Monday, March 16, 2009


The dangers of making assumptions is not just that we are, in fact, misinformed, but that we make up a story in our heads that is just plain inaccurate. We fill in the blanks where we should ask for more information. I have been known to do this and I know others who have done the same. It’s a human aspect that can get us in heaps and bounds, troubles and many exclamation marks.

Someone I haven’t met yet in person assumed she could pick something up from me on a Saturday. As a matter of fact I was working so I couldn’t have obliged. She didn’t wait for my answer but decided to head out to get what she wanted anyway. Therefore she made an assumption which didn’t help her. This of course can happen to the best of us. We usually call it a miscommunication.

We can get disappointed, in a panic, a state, a silly situation or in a fiery spirit just because we decided not to check with the other person whether our expectations could be met. Wars must have been fought and people died just because assumptions were made. It’s a funny world out there, but most of all inside ourselves.

What can we do to battle the assumption disease to avoid misunderstandings?
We confess and ASK. We CHECK. We get (as they say in StartTrek) a confirmative. Anything so we know we are on the same page with the other person and that we are in agreement. Does it matter why we assume in the first place? Maybe because we are: lazy to check, feel we know better, are complacent, good in procrastinating or in a hurry. It’s one of the ‘common’ things. The creeping into the scenario bits that we end up regretting later.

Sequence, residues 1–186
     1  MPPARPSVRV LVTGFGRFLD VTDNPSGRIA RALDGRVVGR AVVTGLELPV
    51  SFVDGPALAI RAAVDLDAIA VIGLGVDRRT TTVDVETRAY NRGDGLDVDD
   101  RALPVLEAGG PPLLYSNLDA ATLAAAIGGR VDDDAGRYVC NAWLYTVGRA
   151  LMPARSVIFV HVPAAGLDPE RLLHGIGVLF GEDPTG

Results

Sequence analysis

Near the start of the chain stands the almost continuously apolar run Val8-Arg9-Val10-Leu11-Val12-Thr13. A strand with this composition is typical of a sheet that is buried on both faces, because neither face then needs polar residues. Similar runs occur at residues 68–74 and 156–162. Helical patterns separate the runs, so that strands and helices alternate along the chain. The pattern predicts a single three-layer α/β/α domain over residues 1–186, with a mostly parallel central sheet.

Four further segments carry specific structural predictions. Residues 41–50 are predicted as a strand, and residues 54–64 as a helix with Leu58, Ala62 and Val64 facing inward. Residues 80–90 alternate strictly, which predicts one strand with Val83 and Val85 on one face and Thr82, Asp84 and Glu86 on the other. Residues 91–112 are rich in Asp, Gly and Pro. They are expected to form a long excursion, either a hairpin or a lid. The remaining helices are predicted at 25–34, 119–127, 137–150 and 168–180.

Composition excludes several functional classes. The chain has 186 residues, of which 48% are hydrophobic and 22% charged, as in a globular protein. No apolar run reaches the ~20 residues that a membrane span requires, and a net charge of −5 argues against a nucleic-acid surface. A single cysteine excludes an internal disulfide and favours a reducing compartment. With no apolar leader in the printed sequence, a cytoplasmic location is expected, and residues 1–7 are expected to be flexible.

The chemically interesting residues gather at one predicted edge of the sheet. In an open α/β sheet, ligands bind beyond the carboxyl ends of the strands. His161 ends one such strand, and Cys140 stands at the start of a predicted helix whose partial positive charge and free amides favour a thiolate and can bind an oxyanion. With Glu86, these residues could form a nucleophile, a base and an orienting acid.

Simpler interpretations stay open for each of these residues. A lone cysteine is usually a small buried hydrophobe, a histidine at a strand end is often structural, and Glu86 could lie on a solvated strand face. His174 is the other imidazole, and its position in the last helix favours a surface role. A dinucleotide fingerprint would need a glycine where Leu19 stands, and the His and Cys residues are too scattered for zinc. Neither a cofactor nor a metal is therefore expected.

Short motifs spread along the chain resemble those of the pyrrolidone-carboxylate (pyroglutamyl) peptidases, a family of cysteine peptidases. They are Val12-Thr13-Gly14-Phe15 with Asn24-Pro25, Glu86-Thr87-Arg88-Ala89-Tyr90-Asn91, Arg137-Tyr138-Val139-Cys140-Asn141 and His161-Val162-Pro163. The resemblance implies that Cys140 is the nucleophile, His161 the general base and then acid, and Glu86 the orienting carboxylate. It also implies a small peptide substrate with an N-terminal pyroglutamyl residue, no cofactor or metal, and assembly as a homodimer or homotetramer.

Wikipedia says:
"A judgment is something that is knowable, that is, an object of knowledge. It is evident if one in fact knows it. Thus "it is raining" is a judgment, which is evident for the one who knows that it is actually raining; in this case one may readily find evidence for the judgment by looking outside the window or stepping out of the house. In mathematical logic however, evidence is often not as directly observable, but rather deduced from more basic evident judgments. The process of deduction is what constitutes a proof; in other words, a judgment is evident if one has a proof for it."

So in other words: as long as you do not have evidence to support your thoughts: take the trouble of checking your theory. It makes for an easier life, no need to book a life coach or see a psychiatrist. No dr Freud chaise longue to drape yourself over. No boohoos in the night, no medicine on the bedside cabinet. No apologies to make to someone else. No confession time, no dramas.
Brilliant. Would we do it though? Hmm. Life will tell Holmes...

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